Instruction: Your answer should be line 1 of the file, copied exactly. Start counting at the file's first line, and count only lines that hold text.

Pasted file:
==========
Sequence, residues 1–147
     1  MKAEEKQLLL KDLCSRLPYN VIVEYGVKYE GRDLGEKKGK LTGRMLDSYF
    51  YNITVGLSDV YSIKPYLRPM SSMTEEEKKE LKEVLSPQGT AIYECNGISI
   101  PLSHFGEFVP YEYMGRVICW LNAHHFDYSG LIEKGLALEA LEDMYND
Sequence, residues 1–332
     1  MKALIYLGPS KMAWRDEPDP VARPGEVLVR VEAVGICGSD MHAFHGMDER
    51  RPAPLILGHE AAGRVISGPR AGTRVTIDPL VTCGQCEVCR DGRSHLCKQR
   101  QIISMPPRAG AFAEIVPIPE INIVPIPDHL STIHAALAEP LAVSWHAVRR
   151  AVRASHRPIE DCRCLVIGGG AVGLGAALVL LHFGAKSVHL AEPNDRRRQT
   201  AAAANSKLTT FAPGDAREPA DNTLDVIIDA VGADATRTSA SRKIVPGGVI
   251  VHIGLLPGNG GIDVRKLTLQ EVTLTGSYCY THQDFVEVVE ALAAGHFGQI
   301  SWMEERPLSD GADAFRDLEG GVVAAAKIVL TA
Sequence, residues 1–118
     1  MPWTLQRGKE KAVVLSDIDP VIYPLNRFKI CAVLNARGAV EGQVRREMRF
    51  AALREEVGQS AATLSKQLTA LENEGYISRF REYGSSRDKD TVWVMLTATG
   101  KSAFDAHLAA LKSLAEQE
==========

Sequence, residues 1–147